Chapter 3 Evans Pde Solutions.zip EXCLUSIVE

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Chapter 1: This chapter surveys the principal theoretical issues concerning the solving of partial differential equations. Evans introduces some common notation (such as partial differentiation) and discusses examples of commonly studied partial differential equations. He then discusses strategies of studying different PDEs and introduces functional analysis as a method of studying existence and uniqueness results for partial differential equations.

Both inhomogenuous and homogenuous solutions are discussed and Evans emphasizes the importance of finding explicit solutions through inequalities, integration by parts, Green's formula, convolution, energy methods, maximum principles, etc. (which are the backbone of finding explicit solutions). This chapter is very useful in that it is one of the rare occasions where one can find explicit formulas for PDEs.

Chapter 4: This chapter is a standalone chapter that contains a wide variety of techniques that are sometimes useful for finding explicit solutions to partial differential equations. Evans goes through detailed examples using separation of variables, similarity solutions, transformational methods, converting nonlinear PDE to linear PDE, and both asymptotics and power series. It is nice that Evans shows how to solve some nonlinear PDEs with techniques from linear PDEs. This chapter could be skipped on a first read-through.

Chapter 5: In my opinion, this is one of the most important chapters in the book. Evans dives into the more theoretical aspects of linear partial differential equations. He starts by introducing both Hölder and Sobolev spaces and then goes through local and global approximation theory through smooth functions (through the use of mollifiers). Next, he discussions the extension and trace theorems. In section $5.6$, Evans lays out crucial information about the embeddings of Sobolev spaces into others (what is known as Sobolev inequalities). He later discusses the Poincaré inequality. I would spend some time reading this chapter slowly (and do the exercises at the end of the chapter).

Chapter 6: This chapter is a generalization of Chapter $2$ (and the Laplace equation) with the new tools introduced in Chapter $5$. Evans discusses (and motivates) the existence weak solutions by the Lax-Milgram theorem, energy estimates, the Fredholm alternative, and applications of the Rellich-Kondrachov compactness theorem. In section $6.3$, Evans presents the regularity problem for weak solutions - Is the weak solution $u$ of the PDE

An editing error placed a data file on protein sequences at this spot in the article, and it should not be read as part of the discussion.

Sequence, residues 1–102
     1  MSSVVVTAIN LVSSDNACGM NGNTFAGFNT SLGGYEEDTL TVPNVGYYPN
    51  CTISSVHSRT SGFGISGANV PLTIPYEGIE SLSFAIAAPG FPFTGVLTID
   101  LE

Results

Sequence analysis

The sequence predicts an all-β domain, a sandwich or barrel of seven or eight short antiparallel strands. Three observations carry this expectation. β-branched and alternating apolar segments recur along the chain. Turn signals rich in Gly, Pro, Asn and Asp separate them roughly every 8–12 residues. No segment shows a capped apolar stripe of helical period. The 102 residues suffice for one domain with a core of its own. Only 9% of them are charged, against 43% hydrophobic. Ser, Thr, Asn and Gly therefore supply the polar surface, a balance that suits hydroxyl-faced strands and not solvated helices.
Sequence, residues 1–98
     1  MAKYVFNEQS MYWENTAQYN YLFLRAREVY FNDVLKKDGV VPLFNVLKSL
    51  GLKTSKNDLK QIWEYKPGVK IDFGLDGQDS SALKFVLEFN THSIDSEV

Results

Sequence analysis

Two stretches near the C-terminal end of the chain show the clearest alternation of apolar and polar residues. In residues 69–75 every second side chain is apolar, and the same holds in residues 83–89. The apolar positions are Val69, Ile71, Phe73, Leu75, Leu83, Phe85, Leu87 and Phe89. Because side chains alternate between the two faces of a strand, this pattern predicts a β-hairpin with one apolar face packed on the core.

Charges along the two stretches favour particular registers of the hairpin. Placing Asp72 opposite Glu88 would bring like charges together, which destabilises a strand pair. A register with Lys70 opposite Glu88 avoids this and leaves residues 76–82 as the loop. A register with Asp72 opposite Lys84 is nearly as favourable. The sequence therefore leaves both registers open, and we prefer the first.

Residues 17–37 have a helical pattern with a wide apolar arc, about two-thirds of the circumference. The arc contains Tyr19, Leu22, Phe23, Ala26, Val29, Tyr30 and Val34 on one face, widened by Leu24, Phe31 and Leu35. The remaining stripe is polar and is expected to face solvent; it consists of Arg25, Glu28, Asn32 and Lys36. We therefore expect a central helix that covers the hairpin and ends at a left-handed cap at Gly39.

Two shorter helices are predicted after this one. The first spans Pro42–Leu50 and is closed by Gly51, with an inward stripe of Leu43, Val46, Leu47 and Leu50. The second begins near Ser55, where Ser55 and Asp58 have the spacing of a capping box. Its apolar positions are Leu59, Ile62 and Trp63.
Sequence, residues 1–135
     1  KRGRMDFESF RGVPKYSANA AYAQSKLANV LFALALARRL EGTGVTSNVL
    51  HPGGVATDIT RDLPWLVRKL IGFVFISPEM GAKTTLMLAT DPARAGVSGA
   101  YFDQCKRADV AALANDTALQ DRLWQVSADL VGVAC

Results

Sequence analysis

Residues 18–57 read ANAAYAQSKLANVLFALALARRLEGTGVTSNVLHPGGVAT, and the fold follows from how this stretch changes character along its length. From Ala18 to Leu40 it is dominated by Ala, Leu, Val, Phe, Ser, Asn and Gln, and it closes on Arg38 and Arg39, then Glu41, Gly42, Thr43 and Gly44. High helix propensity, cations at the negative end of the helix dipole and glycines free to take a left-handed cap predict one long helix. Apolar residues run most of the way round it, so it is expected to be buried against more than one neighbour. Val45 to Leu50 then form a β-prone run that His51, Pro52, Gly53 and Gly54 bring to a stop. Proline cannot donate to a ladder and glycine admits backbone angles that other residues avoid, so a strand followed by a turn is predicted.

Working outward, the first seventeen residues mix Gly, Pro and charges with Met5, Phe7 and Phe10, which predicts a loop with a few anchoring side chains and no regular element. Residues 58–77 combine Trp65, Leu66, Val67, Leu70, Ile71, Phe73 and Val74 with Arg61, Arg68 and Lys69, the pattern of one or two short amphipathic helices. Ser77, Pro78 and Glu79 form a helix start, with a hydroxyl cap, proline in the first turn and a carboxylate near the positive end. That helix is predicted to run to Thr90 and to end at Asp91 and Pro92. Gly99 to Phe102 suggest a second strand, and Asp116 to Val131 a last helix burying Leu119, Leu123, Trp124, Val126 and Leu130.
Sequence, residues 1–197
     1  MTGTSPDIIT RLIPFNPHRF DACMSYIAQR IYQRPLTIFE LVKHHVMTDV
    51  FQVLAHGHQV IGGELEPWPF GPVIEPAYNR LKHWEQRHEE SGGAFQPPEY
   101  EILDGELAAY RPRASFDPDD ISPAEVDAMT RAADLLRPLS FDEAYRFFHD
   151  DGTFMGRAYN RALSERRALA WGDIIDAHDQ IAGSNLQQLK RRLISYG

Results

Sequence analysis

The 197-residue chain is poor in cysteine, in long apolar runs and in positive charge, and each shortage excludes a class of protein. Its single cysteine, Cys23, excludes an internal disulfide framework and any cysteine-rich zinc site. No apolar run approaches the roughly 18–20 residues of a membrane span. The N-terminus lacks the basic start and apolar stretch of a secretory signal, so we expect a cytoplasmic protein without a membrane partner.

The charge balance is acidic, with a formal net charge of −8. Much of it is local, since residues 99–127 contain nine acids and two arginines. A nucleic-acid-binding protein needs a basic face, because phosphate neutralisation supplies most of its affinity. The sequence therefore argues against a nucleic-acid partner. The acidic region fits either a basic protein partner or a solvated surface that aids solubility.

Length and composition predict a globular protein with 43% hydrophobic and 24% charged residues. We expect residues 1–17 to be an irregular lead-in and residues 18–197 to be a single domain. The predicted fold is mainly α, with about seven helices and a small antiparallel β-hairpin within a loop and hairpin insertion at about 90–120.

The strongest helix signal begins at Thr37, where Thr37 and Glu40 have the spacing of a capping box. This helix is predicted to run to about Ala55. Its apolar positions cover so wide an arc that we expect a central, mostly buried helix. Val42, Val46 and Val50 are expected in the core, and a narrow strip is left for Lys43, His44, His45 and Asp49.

Chapter 7: This chapter is a natural extension of Chapter $6$ and covers linear partial differential equations which involve time. These are known as evolution equations where the solution evolves in time from a given initial configuration. Here, Evans gives a nice description of how to apply energy methods to general second-order parabolic and hyperbolic equations. The final subsection gives an outstanding introduction to the abstract theory of semigroups and describes contraction semigroups, the resolvent, and the Hille-Yosida theorem. There is also a nice application of semigroup theory to second-order parabolic PDEs.

Chapter 8: This chapter gives a wonderful introduction to the calculus of variations (you may also want to look at the book by Gelfand and Fomin). These are an important class of nonlinear problems which can be solved through using straightforward techniques from nonlinear functional analysis. Evans discusses the Euler-Lagrange equations, coercivity, lower semicontinuity, and the existence/uniqueness of minimizers. He then motivates the definition of the weak solution and shows how to find weak solutions to the Euler-Lagrange equations. In section $8.3$, the regularity theorems are discussed (which follow similarly from the analysis done in chapter $6$). The final subsections given an overview of various constraints, incomprehensibility, and critical points. The famous Moutain Pass theorem is discussed in section $8.5.1$ which is followed by Noether's theorem in section $8.6$.

Chapter 9: In the same spirit as chapter $4$, this is a collection of various techniques for proving the existence, nonexistence, uniqueness, and other properties of solutions to nonlinear elliptic and parabolic differential equations. The familiar fixed point theorems are discussed and Evans discusses direct applications of Banach's Fixed Point Theorem. Supersolutions, subsolutions, and the nonexistence of solutions are discussed in the context of nonlinear partial differential equations. The final subsection gives a nice overview of gradient flows as an extension of the abstract semigroup theory developed in section $7.4$. As with chapter $4$, this chapter could be skipped on a first reading.

Chapter 10: This chapter is devoted to the study of Hamilton-Jacobi equations (which are a modern application of PDE theory to the study of optimal control problems). As usual, Evans gives a good motivation for the definition of a viscosity solution and then discusses the consistency of solutions. Section $10.2$ shows uniqueness of viscosity solutions to Halmilton-Jacobi PDEs with initial values. The final section gives a good introduction to dynamic programming and control theory.

Chapter 11: This chapter is an abstract generalization of the later half of chapter $3$. Evans discusses systems of nonlinear, divergence structure first-order hyperbolic PDE, which arise as models of conservation laws. He goes through the familiar conservation and mass, momentum, and energy and then later demonstrates how to obtain weak solutions. Properties of traveling waves, rarefaction waves, and shock waves are discussed (with some good pictures modeling the physical parameters). The later sections include theory about how to attack systems of $2$ or more conservation laws and information about entropy conditions.